Perhaps Senator Webb is hopeful Senator Obama would come to realize the truth of these words:

“On a personal level, there was then, and there still remains today, an evolved compatibility between whites and blacks in the South that is purer and more honest than in any other region of the country, and this closeness grew most profoundly after slavery ended.” (Page 246.)

Of course, Barack Obama is the furthest thing from a Southerner. Yet Webb has expressed his belief that the Scots-Irish and African-Americans could unite to form a formidable voting bloc; since they do share some historically common traits:

“Black America and Scots-Irish America are like tortured siblings. They both have [a] long history and they both missed the boat when it came to the larger benefits that a lot of other people were able to receive. There's a saying in the Appalachian mountains that they say to one another, and it's, ‘if you're poor and white, you're out of sight’ . . . If this cultural group could get at the same table as black America you could rechange populist American politics. Because they have so much in common in terms of what they need out of government.” ~ Virginia Senator James Webb (The Huffington Post – 21 May 2008)

It’s an interesting theory and if you read Born Fighting, you will agree that Webb makes a compelling argument that this voting bloc is a possibility. I just don’t think Obama is the one who can pull it off. J. C. Watts maybe, but not Obama. Furthermore, Webb assumes that these tough, independent Scots-Irish who are instinctively distrustful of politicians want to eat at the government’s table. That will be an even harder sell. I agree with Webb that this coalition should happen, but I differ on some of the reasons as to why it should happen. I reject Webb's suggestion that we should be looking to the government for "benefits." As I heard J. C. Watts express recently, the voting bloc to which Webb alludes should be a natural one due to the common cultural values both groups share regarding views on religion, abortion, and the family. That would be more of a uniting theme than Webb's attempt to highlight the two groups' "victim status" and what "they need out of government." I think all of us would be better served by a statesman (like Watts) who encourages self-reliance, overcoming obstacles, and the spirit of perseverance— three quintessential American qualities that Scots-Irish and African-Americans do share. If there is one thing our respective histories have shown us, it’s this: the government cannot be trusted.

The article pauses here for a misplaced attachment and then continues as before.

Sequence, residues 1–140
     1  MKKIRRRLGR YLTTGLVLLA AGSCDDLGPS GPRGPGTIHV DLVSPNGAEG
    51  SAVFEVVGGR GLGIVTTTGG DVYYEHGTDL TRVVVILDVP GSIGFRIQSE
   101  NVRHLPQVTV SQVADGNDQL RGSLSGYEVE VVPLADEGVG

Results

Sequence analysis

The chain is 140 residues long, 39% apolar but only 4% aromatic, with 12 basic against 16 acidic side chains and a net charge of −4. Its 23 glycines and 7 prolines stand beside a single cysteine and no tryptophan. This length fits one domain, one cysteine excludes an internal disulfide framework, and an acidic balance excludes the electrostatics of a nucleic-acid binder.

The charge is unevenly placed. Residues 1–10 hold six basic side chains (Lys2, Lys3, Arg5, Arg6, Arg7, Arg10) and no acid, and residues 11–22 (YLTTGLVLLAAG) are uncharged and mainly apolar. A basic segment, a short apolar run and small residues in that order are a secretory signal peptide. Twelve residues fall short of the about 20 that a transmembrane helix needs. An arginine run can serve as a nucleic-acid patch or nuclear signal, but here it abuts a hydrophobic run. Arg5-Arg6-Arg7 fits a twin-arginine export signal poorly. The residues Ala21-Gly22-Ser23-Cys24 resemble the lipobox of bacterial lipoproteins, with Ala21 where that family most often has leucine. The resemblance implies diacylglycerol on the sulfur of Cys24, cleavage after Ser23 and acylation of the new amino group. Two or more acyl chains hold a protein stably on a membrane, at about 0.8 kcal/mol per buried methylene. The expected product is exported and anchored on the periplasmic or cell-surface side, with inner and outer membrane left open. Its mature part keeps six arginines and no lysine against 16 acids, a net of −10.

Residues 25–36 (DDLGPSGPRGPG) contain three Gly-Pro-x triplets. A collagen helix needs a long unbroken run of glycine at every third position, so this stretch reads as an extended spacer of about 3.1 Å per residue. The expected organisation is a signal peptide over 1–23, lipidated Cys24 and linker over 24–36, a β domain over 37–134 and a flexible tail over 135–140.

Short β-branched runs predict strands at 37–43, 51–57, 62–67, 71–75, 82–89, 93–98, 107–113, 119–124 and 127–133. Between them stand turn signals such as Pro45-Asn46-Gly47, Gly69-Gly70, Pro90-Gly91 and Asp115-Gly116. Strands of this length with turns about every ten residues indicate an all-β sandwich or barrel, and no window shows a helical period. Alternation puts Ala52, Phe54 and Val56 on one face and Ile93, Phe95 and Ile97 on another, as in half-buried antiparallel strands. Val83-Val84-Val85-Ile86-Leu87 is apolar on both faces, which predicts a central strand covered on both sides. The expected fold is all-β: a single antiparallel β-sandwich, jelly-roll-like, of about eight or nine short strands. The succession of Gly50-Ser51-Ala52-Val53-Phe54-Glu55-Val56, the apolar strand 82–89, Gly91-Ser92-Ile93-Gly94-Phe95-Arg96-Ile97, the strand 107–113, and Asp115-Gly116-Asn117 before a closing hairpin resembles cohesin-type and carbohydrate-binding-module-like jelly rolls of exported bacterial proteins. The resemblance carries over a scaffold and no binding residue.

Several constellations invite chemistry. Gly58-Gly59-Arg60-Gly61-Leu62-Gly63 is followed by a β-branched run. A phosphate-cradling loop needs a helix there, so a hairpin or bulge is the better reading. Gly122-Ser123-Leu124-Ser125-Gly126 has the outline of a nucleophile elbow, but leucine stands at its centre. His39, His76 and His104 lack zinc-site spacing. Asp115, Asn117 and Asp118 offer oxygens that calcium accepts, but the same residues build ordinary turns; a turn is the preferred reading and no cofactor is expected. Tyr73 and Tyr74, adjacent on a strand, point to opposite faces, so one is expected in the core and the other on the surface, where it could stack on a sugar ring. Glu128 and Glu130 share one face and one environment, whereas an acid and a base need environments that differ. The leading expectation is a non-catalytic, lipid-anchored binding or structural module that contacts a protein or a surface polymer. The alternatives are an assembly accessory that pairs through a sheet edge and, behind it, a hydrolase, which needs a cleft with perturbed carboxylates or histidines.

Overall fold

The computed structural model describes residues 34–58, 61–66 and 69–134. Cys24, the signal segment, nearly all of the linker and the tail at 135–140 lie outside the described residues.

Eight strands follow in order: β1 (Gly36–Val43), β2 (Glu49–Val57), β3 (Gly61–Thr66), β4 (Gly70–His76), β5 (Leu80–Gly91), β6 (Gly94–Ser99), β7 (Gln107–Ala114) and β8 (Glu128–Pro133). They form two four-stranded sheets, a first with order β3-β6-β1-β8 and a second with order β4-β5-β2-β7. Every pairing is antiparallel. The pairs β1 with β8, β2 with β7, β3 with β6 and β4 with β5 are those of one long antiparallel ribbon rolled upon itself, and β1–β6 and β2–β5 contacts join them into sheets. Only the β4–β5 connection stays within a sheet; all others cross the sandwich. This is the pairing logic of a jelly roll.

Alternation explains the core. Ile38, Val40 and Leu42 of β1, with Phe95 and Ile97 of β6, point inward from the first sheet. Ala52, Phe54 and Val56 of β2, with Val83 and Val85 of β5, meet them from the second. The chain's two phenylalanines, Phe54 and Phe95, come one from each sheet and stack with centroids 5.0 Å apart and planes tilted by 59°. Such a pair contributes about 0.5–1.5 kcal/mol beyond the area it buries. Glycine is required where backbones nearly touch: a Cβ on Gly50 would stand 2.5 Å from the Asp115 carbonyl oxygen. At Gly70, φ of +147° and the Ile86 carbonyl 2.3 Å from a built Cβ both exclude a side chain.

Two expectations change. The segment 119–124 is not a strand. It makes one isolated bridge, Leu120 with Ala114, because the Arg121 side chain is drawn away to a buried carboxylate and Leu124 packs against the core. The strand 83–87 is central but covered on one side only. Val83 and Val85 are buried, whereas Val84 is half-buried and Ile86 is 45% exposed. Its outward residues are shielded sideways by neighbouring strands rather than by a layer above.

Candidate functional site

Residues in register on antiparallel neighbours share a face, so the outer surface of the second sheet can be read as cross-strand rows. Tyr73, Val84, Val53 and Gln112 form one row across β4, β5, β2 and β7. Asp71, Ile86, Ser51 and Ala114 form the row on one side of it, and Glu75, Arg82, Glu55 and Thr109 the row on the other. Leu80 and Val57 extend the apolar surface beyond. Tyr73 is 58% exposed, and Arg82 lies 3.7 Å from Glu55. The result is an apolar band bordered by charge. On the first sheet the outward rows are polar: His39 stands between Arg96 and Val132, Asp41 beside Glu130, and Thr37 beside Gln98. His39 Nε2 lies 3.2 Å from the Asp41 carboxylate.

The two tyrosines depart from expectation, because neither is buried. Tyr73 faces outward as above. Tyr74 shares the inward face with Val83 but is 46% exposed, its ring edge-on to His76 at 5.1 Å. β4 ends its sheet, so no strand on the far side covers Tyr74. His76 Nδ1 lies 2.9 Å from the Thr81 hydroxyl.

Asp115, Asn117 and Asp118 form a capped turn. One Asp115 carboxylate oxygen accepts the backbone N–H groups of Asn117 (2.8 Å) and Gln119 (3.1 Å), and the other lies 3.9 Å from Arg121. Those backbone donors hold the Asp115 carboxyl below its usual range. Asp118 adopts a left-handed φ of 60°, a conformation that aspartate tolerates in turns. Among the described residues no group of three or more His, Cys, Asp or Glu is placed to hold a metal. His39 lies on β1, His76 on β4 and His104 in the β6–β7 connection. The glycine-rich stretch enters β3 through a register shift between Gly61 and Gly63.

Carl Kilo said...

Great post. I linked to it.

Richard G. Williams, Jr. said...

Thanks Carl.

James Atticus Bowden said...

Super information. Thanks. I've read Webb's book and the primary sources he used. Webb describes 'what has been and what is' fairly well. But, he prognosis for our future is way off.

First, it won't be eating at the trough of big, Liberal Human Secularist socialism.

Second, Webb isn't the man to bridge the mirrored societies of the black and white South because he has walked away from Evangelical Christianity. Only a Believer will make the connection because it can only be done by Jesus Christ.

FYI, you might want to check out my Southern History posts on my blog Deo Vindice and other op eds on my archives at www.americancivilization.net

Glad to see this site. Thanks.

Richard G. Williams, Jr. said...

Thank you James. I don't know enough about Senator Webb's Christian faith - or lack thereof - to comment on it. He seems to at least understand some of the implications of orthodox Christianity as it has impacted American history. Whether or not he personally embraces Christianity, I do not know.


Stephen Boyd said...

I don't agree %100 with Mr. Webb's position on some things, but I really enjoyed his book. It is rare to find a politician that will give an accurate representation of history, as well as one that is proud of his heritage.

Richard G. Williams, Jr. said...

Yes Stephen, an excellent book. I just learned that Senator Webb published a new book in May.